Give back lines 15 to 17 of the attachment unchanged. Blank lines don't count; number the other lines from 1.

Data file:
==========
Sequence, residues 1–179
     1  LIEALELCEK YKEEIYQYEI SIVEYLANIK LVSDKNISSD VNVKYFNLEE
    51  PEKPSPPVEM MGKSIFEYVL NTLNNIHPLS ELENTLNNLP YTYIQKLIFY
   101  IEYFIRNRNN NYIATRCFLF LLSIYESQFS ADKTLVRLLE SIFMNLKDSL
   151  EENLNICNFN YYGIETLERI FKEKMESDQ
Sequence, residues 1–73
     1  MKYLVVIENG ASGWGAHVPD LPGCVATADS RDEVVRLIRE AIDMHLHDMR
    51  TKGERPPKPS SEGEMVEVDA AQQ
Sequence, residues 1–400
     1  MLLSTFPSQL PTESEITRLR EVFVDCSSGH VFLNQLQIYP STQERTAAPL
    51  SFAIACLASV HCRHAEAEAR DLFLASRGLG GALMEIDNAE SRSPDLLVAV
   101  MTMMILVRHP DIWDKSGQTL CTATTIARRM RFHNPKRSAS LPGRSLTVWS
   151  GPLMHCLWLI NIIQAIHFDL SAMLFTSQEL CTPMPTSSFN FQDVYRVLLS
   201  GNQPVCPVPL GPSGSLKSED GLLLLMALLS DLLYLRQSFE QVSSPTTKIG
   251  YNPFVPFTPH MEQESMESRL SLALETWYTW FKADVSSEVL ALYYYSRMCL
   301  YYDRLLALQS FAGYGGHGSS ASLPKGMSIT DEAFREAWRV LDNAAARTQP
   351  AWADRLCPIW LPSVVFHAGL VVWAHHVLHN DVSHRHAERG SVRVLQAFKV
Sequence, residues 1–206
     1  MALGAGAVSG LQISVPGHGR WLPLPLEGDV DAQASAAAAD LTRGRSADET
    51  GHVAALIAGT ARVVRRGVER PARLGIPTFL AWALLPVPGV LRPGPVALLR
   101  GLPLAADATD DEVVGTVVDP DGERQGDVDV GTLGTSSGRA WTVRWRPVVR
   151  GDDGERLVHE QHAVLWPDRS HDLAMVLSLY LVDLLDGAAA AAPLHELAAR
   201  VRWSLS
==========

   251  YNPFVPFTPH MEQESMESRL SLALETWYTW FKADVSSEVL ALYYYSRMCL
   301  YYDRLLALQS FAGYGGHGSS ASLPKGMSIT DEAFREAWRV LDNAAARTQP
   351  AWADRLCPIW LPSVVFHAGL VVWAHHVLHN DVSHRHAERG SVRVLQAFKV